Does God dupe us?  Yes, God does.  Why?  Because God loves us, wants us to face our fears while relying on Christ, and God wants us to trust the saving newness of the resurrection that Jesus brings to us without our even asking.

You duped me, O Lord, and I let myself be duped; you were too strong for me and you triumphed.

When we lock ourselves away with our fears, we have no other recourse but to listen. If we open ourselves to listening to God’s voice, we have the opportunity to respond.  And once we respond, we take our first steps toward reconciliation, conversion, and salvation.

God is in charge.  There is an Economy of Salvation.  There are no mistakes in God’s plan . . . only opportunities for God’s love to triumph.

Tomorrow . . . a Prayer for those who are willing to be duped . . .

Image from: https://www.turbosquid.com/FullPreview/Index.cfm/ID/223193

First written on January 17, 2008, re-written and posted today as a Favorite.

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John 3:16-21Working in the Light, Living in the Name

Thursday, October 25, 2018

Written on September 29, 2009 and posted today as a Favorite . . .

John 3:16 is a verse often quoted and equally often misunderstood; the verses that follow help us to unfold the message more.  We often see the bearing of a cross or the enduring of pain as a punishment when it is not.  As disciples of the New Testament, we anticipate difficulty in our work; we foresee obstacles and recognize them as familiar markers along our roadway.  Each stone over which we stumble, each river we ford, each gap in the path is a recognizable road sign that reminds we are free to turn back or to journey forward.  Each hurdle is another opportunity to express our belief that Jesus walks among us, heals us and restores us.  Every problem is another chance for us to elect the light over darkness.  Each crisis is a new occasion to draw nearer to God and to nestle into the great arching altar of God’s embrace.  Christ who has gone before us has direct knowledge of our pain and has both the capability and desire to repair, to make well, and to restore.  This Christ has come to set each one free from individual burdens, and to call the collective into oneness with him.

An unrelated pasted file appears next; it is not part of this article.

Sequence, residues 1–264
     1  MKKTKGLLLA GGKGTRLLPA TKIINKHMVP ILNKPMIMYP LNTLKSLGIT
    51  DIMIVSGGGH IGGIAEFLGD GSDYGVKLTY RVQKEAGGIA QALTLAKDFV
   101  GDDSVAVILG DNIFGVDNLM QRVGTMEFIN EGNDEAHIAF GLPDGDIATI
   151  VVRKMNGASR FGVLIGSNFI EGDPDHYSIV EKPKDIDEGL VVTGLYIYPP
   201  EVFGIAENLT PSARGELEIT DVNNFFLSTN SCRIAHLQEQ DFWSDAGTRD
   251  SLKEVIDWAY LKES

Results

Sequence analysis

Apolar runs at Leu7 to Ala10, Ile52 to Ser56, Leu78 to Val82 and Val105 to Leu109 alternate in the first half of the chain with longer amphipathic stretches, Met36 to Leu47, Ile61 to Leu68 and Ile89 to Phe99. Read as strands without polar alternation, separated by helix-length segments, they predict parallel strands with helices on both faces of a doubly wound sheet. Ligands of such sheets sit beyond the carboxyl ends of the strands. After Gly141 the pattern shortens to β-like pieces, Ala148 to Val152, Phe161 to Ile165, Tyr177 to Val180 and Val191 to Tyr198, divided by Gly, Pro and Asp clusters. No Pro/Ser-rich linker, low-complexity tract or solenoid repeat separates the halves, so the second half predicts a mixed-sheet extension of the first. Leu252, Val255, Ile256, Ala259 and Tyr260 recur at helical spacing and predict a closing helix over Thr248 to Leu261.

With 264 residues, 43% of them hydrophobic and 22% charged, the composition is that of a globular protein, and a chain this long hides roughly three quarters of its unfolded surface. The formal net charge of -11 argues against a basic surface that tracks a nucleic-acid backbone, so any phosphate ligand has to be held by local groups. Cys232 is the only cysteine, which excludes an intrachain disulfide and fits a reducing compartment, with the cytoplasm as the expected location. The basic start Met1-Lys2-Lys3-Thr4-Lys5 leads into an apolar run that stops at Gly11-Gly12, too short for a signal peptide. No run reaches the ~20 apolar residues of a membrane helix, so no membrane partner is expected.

Paul also reminds us of this in Ephesians 5:11 when he writes: Take no part in the unfruitful works of darkness, but instead expose them.  Job tells us: There are those who rebel against the light, who are not acquainted with its ways.  (24:13). 

In order to make progress and to move through life rather than stagnate, we must look for the truth when we are confronted with something that is so insurmountable that it blocks out the light.  And when we find the truth we must step into that shaft of goodness and ask the difficult questions of ourselves and of others that bring still more clarity and even less deception.

When we feel that we are surrounded by shadowy beings that refuse to announce their origin or their goal, we must search for the light, call on God, look for authentic goodness, and abide in constant companionship with those whose labor also bears good fruit.

When the darkness arrives – as it always will – it is a signal for us to take up our sacrifices . . . to bring them into the light . . . and to offer our pain to one who will heal and restore us.

It is time to live and work in the light . . . and to call on Jesus’ name.

A re-post from September 22, 2011.

Image from: http://www.city-data.com/picfilesc/picc32424.php